Even before COVID-19, work from home had been growing in Brazil. While many companies now implement a hybrid model with flexible location, including one to three days from home weekly, others have established full remote-first models. The term home office and trabalho a distância are very common in Brazil to describe those working away from the office.
In 2018, the Brazilian Labour Reform recognised remote work, which is defined as services rendered predominantly off the employer’s premises, using information and communication technologies. Although many points are still left to be addressed, such as the financial responsibility for the equipment and the office set-up, the recognition of remote work was a big step in the Brazilian Labour Regulations and has legitimised the path for those who do or would like to work from home.
A right by law to request telework is not extended to employees; however, arrangements can be made if the employer and employee mutually agree. Employers, on the other hand, can impose work from home on employees during emergency cases, such as calamities and pandemics, to guarantee the physical integrity of the employee and also retain the right to require the employee to revert to onsite work. In this context, employers must warn employees of changes at least 48 hours in advance.
The employment agreement must be amended to reflect the new work arrangement within 30 days of being approved. The law doesn’t specify who is responsible for the costs related to the set-up, maintenance of the workspace, and the tools the employee needs for work. Therefore, such agreements must be addressed on the employment contract within 30 days of implementing remote work.
The government is currently analysing the implementation of additional clauses to the telework laws to clarify grey areas, such as placing the burden of the costs of setting up a workstation and providing the necessary work equipment on the employer. However, companies requiring employees to work from home should be providing employees with the necessary tools to perform their work.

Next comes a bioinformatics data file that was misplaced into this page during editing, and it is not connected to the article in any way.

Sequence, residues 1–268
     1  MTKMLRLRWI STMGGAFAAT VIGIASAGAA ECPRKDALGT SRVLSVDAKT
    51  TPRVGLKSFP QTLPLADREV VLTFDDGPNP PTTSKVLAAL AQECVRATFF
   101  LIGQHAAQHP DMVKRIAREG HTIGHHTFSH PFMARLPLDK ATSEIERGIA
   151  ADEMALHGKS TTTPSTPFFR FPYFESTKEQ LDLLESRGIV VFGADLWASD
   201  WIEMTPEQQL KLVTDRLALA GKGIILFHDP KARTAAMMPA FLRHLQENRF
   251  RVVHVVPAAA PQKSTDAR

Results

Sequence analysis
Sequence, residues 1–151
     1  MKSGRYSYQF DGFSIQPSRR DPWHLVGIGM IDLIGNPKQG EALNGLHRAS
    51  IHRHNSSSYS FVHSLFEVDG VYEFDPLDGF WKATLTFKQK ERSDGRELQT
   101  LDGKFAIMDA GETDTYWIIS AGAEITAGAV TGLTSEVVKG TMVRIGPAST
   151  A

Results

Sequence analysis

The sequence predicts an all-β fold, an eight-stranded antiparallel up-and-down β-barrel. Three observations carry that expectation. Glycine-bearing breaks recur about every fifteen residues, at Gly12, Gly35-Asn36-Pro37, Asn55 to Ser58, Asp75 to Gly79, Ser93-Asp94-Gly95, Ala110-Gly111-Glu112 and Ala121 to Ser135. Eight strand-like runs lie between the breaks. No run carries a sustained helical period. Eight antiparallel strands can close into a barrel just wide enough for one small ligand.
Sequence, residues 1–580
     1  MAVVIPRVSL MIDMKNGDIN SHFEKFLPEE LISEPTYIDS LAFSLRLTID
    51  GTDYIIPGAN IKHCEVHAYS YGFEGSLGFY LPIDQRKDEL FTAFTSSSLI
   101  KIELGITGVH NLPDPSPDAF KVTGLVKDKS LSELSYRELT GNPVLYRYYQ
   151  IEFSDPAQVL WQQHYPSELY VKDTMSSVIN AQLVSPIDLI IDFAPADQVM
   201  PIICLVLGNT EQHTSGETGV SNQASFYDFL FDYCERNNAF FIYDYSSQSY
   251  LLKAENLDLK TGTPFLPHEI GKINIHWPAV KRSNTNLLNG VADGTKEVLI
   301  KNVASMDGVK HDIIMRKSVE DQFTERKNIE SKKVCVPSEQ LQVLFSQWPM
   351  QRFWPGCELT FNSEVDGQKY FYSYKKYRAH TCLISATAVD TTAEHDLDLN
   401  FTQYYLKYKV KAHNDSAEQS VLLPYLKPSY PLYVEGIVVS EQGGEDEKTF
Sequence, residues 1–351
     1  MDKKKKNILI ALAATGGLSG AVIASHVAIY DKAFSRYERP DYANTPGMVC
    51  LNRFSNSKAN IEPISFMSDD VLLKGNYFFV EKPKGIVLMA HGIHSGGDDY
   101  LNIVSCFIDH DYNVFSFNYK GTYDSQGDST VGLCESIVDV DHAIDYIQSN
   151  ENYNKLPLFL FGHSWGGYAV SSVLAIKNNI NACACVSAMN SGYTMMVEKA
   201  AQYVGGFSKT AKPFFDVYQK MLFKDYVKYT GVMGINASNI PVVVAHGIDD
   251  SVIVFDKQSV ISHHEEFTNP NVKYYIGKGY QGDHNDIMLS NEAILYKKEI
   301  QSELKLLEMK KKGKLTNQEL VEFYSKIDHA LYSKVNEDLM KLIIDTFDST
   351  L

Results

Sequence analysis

Since employers have neither control nor access to an employee’s home the same way they do when it comes to offices, the responsibilities imposed on them by the government in regards to health and safety are lessened. Instead, employers have the obligation of instructing and guiding employees when it comes to creating a safe and ergonomic workspace and avoiding occupational diseases and accidents. Those instructions must also be shared in writing with the employees, who in turn must sign this term of responsibility to acknowledge their own responsibility for their health at home and also to confirm they agree and understand the safety instructions and the risks for working from home.
Workers must inform employers of any work-related incidents or injuries that occur while working at home.
Currently, there are no official regulations regarding privacy, security, and confidentiality of data in the remote workspace. However, in August 2020, the GDPR equivalent came into force in Brazil, known as LGPD (Lei Geral de Proteção de Dados Pessoais). The LGPD requires employers to keep sensitive and personal information (company’s, client’s, and employee’s) secure whether the employee works from an office or home.
Some recommended actions companies can take to keep information securely stored and exchanged are educating and training employees on the importance of handling the data securely, implementing VPN and antivirus, and requiring employees to use only secure and private Wi-Fi networks.
There are no official regulations regarding workspace guidelines for teleworkers. However, it’s good practice for employers to provide guidance on what a safe home office environment is, which includes instructing employees on setting up ergonomic workstations, maintaining good ergonomic practices, and providing a health and safety checklist for those working from home.
An appropriate workstation will include the following:
The Labour Regulations regard all employees as the same regardless of where they work from. Remote workers have the same rights as office employees do in regards to employment. They are entitled to the 13th month salary, vacation and vacation bonus, FGTS contributions, and notice period, amongst others. However, one condition that does change for remote workers is that they are exempt from having their hours tracked and aren’t entitled to overtime, provided that the company hasn’t opted for monitoring working hours.
Another right that remote employees lose that is important to highlight is their statutory benefit of transportation allowance. If employees don’t commute to an office, employers aren’t required to provide the benefit. As for the meal and food vouchers, employers must maintain them if they’re part of the applicable collective agreement or the employee’s employment contract before the change from the office to the home office takes place.
In Brazil, companies are allowed to monitor and track the work progress of their remote employees — reviewing websites visited and time spent on them, taking snapshots of employees (with a camera) and their computer screens — by means of surveillance tools. However, companies should be careful, as some surveillance tools are too invasive and violate human and privacy rights and collect personal data of employees, not related to work and go beyond tracking productiveness. Employers should tell employees how they monitor them.